A[IMG]http://cakecentral.com/content/type/61/id/3269632/width/200/height/400[/IMG]When I covered this cake with mmf it was smooth with no cracks. Then it got very damp and shiney. I put a fan on it and it dried out, but then it started to form thin cracks. Anyone know why? Here is a pic.you can see it by his left eye the most.
A[IMG]http://cakecentral.com/content/type/61/id/3269638/width/200/height/400[/IMG] you can see it more in this pic.
ANot sure why it would get damp except maybe humidity.
Where was the fan? On the side that cracked? Think it got too dry.
It could be because your frosted cake was too cold when you covered it with fondant - this makes it sticky and damp.
If your cake was refrigerated for a long period of time and then immediately covered then that would do it.
I have to say that you can't really see the cracks in the photos though so they certainly don't look substantial
AI turned the cake so the fan hit each side. I did have the cake it the fridge for a while because the frosting was very soft.
It seemed like the more I moved the cake the more cracks I saw. I used a card board cake board, maybe it wasn't sturdy enough. Also, it wasn't 2 stacked 1/2 sheets, it was 4 1/4 sheets.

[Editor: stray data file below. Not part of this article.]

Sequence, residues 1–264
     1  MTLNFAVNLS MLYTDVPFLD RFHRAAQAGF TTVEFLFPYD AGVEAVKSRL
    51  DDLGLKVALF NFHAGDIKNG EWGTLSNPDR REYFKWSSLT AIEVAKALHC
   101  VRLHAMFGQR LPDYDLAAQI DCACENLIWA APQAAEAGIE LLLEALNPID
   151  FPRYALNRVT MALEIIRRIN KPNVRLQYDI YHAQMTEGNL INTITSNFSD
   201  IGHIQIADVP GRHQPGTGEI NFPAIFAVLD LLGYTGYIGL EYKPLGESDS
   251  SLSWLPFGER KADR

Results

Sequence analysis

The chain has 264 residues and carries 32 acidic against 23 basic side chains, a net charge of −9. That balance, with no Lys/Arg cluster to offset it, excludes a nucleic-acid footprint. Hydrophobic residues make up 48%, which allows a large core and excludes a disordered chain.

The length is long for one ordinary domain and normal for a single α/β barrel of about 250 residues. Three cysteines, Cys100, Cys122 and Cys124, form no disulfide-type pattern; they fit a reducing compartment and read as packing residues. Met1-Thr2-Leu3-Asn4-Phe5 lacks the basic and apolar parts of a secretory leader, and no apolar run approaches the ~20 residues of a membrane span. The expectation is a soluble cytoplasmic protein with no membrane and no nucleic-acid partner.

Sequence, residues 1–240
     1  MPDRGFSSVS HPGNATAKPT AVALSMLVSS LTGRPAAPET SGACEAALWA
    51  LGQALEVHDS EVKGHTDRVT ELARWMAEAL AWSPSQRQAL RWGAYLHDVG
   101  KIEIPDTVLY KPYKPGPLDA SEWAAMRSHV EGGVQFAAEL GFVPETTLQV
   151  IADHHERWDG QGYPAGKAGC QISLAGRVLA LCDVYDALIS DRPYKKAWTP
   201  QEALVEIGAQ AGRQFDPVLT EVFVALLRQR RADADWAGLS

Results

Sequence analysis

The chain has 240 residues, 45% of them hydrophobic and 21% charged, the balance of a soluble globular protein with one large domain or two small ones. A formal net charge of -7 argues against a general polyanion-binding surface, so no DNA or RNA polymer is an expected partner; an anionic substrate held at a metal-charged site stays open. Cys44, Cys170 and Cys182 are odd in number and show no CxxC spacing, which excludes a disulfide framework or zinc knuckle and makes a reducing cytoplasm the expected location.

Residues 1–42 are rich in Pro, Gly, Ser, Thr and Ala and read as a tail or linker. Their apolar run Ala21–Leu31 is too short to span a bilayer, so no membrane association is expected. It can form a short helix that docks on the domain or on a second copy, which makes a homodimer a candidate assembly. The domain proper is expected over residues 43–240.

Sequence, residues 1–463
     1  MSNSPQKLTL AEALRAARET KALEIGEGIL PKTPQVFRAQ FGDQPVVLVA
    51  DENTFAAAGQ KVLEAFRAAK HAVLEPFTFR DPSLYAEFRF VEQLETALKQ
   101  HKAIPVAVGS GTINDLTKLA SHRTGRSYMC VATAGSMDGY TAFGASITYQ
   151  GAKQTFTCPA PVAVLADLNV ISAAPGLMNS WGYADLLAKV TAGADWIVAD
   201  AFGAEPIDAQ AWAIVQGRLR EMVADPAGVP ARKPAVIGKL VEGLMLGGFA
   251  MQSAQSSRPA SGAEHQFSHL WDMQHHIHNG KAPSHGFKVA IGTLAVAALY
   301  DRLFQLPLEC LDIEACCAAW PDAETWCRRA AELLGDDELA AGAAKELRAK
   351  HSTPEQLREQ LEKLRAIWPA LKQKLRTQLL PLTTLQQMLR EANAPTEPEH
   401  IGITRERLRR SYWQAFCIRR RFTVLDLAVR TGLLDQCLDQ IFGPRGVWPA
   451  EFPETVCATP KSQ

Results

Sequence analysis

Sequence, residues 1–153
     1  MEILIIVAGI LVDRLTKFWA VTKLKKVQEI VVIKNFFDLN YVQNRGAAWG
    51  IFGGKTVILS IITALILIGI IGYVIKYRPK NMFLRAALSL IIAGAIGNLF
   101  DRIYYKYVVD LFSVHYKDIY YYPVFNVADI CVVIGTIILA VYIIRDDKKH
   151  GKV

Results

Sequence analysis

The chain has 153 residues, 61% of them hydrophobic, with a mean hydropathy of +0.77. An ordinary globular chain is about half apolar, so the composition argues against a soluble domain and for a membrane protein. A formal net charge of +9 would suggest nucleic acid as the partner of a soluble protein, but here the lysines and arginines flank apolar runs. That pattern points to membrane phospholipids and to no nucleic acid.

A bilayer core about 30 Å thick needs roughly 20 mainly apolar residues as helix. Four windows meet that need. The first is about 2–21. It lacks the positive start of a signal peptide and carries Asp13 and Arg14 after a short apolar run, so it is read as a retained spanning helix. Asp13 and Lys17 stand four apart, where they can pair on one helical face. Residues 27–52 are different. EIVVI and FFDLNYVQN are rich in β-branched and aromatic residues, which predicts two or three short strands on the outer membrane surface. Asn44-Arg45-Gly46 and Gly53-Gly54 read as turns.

AI'm not saying that your cake being cold before fondanting didn't cause the cracks-- I'm saying that all my cakes are cold sometimes partially frozen before fondant is applied -- I usually use satin ice and they don't crack
Sounds like condensation from covering a cold cake in a humid room. I don't think that caused the cracks though. I'm guessing it's because your board wasn't sturdy enough for the cake. Even a little bend as you put your finger under the board to move it is enough to cause those cracks. That's why every time you moved it more cracks occurred. Stack a few of those boards together with glue or tape, run a ribbon around the edge and you will have less cracking. Or just use a more rigid type of board.
AThanks, I will have to try a stronger board.